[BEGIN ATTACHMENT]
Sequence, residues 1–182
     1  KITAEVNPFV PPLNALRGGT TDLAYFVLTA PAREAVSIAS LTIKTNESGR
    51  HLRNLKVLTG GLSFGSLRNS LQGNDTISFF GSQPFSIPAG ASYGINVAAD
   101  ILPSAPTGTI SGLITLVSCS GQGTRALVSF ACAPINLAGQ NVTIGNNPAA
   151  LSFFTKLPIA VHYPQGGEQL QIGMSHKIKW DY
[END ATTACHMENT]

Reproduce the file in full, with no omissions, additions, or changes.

Sequence, residues 1–182
     1  KITAEVNPFV PPLNALRGGT TDLAYFVLTA PAREAVSIAS LTIKTNESGR
    51  HLRNLKVLTG GLSFGSLRNS LQGNDTISFF GSQPFSIPAG ASYGINVAAD
   101  ILPSAPTGTI SGLITLVSCS GQGTRALVSF ACAPINLAGQ NVTIGNNPAA
   151  LSFFTKLPIA VHYPQGGEQL QIGMSHKIKW DY